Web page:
Tuesday, March 31, 2009

Day 14 - Jasmine Rice and Mayonnaise

I thought I'd be taking today off, but it turns out that my kitchen will be off-limits this Thursday (painters) and then I'll be spending the weekend in Florida with my parents. (Dinner in their glam kitchen, perhaps?) Given these circumstances, I thought I shouldn't waste a perfectly good cooking day. Plus, I was hungry. :-)

Jasmine Rice (p. 412)

I've cooked rice before. Everyone's cooked rice before, right? But I knew Martha would show me how to do it better.

The two ways that Martha's method veered from the package directions were: Martha suggested that I rinse the rice (until the water ran clear), and Martha said that if I changed the rice:water ratio from 1:2 to 1:1.5, I'd get a fluffier rice.

As usual, Martha was spot on. The rice was perfect. Fluffy, not even slighty gummy. Steamy and delicious. Just needed some salt and pepper. (Dinner tonight was rice with the discarded chicken left over from Basic Chicken Stock. Five pounds of chicken is a lot!)

Jeff: A
Martha: A

So, there I was, I was eating my chicken and rice and talking on the phone with Annie about the pros and cons of emulsified salad dressings. (Her husband, Charles, swears by a James Beard method that involves coating everything with oil and then tossing the other dressing ingredients into the salad.) And as we were discussing the wonders of emulsification, I thought, Why don't I make some mayonnaise??

Mayonnaise (p. 95)

Now, mayonnaise is one of those things that I think very few people have made. And after having made it, I'm wondering why that is. Yes, it involves a certain amount of concentration and arm work, but by combining a little mustard, egg, lemon juice and salt with a cup of oil, in short order you have this miraculously creamy pile of mayo, seemingly from nowhere!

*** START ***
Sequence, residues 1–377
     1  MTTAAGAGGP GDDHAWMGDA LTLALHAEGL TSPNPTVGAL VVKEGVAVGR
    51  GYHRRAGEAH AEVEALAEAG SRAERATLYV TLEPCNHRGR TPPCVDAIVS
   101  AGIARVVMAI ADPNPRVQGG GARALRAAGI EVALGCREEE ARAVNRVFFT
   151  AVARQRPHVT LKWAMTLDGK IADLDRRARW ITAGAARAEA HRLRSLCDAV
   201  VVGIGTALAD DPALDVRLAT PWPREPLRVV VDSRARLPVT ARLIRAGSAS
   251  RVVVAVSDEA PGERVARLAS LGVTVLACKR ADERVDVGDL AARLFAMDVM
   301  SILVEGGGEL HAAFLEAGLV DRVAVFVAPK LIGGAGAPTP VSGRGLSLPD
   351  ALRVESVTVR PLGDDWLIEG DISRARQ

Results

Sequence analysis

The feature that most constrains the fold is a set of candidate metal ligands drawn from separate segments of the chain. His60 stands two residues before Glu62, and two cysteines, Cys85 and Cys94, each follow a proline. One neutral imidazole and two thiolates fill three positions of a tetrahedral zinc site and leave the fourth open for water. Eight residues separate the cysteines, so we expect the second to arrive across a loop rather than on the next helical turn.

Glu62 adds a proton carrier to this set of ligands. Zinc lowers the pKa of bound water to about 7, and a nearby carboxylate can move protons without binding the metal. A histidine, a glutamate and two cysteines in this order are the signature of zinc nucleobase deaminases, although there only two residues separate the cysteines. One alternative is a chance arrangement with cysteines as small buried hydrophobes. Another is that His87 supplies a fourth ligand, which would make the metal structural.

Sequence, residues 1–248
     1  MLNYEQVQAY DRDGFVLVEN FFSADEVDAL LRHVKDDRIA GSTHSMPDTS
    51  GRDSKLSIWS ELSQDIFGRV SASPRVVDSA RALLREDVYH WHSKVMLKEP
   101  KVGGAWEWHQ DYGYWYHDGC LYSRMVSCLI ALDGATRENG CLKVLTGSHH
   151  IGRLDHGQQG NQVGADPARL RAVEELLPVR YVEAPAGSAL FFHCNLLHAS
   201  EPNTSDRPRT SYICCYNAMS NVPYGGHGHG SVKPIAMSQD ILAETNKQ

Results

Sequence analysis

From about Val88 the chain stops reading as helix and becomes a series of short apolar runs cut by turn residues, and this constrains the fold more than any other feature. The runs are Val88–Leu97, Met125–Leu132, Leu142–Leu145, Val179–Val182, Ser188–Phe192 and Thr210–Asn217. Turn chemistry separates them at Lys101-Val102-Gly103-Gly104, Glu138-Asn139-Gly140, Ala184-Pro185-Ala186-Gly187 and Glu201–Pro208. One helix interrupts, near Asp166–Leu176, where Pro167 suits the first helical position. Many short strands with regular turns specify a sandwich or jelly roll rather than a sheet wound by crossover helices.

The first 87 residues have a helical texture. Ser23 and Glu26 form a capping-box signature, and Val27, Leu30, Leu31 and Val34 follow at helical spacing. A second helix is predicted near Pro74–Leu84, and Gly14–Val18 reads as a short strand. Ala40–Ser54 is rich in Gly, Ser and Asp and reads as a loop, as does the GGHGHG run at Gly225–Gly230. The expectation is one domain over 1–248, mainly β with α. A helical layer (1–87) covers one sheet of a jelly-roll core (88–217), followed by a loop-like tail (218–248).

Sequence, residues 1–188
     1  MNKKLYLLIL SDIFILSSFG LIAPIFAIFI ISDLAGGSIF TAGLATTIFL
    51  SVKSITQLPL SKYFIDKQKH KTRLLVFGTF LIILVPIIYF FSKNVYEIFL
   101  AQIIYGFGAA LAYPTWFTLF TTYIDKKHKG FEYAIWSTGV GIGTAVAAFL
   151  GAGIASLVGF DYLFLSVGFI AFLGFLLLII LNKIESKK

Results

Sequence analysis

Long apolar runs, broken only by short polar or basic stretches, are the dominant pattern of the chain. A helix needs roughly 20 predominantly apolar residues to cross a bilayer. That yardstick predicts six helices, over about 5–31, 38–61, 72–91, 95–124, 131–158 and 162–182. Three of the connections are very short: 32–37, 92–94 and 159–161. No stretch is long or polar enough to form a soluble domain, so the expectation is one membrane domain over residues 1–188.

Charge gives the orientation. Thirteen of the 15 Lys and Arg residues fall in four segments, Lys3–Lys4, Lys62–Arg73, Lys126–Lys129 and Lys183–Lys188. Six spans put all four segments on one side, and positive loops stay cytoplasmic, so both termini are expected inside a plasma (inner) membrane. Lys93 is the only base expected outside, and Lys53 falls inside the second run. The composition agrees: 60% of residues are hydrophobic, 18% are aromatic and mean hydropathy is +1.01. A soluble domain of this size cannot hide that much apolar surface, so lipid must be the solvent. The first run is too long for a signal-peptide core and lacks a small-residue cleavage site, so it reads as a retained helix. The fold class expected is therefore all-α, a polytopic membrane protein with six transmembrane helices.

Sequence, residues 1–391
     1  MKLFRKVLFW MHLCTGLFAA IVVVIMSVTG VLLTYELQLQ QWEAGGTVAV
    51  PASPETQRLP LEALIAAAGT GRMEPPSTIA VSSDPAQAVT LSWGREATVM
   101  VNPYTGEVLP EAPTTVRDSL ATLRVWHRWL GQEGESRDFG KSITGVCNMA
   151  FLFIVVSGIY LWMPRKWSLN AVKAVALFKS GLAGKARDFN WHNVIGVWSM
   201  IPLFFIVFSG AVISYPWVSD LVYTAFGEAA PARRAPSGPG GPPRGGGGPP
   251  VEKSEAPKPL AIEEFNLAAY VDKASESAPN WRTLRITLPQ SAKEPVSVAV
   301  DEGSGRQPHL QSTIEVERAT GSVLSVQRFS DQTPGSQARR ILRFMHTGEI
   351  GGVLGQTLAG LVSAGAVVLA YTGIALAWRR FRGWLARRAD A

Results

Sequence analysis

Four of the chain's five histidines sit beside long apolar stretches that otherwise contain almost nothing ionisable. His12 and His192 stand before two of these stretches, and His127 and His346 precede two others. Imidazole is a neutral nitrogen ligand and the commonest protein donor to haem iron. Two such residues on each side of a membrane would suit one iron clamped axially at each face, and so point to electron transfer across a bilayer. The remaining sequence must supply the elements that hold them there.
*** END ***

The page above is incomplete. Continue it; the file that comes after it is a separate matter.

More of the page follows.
This homemade mayonnaise tastes so completely superior to store-bought, it actually seems like a wholly different animal. Now, I should qualify this by saying that I only ever buy low or non-fat mayo, which, of course, tastes horrible (until you mix it with canned tuna, after which it tastes fine). But the mayo that I made following Martha's recipe tastes like... well, it tastes like France to me, and if something tastes like France, that can only be a good thing. Yes, it's oily, but it's also light and delicate and tastes... the word I'm left with is "fresh."

For the first time in my life, I'm trying to come up with ways to use more mayonnaise.

Jeff: A
Martha: A

Until we eat again...

Look at that creamy, yellowy, mayonnaise-y goodness!

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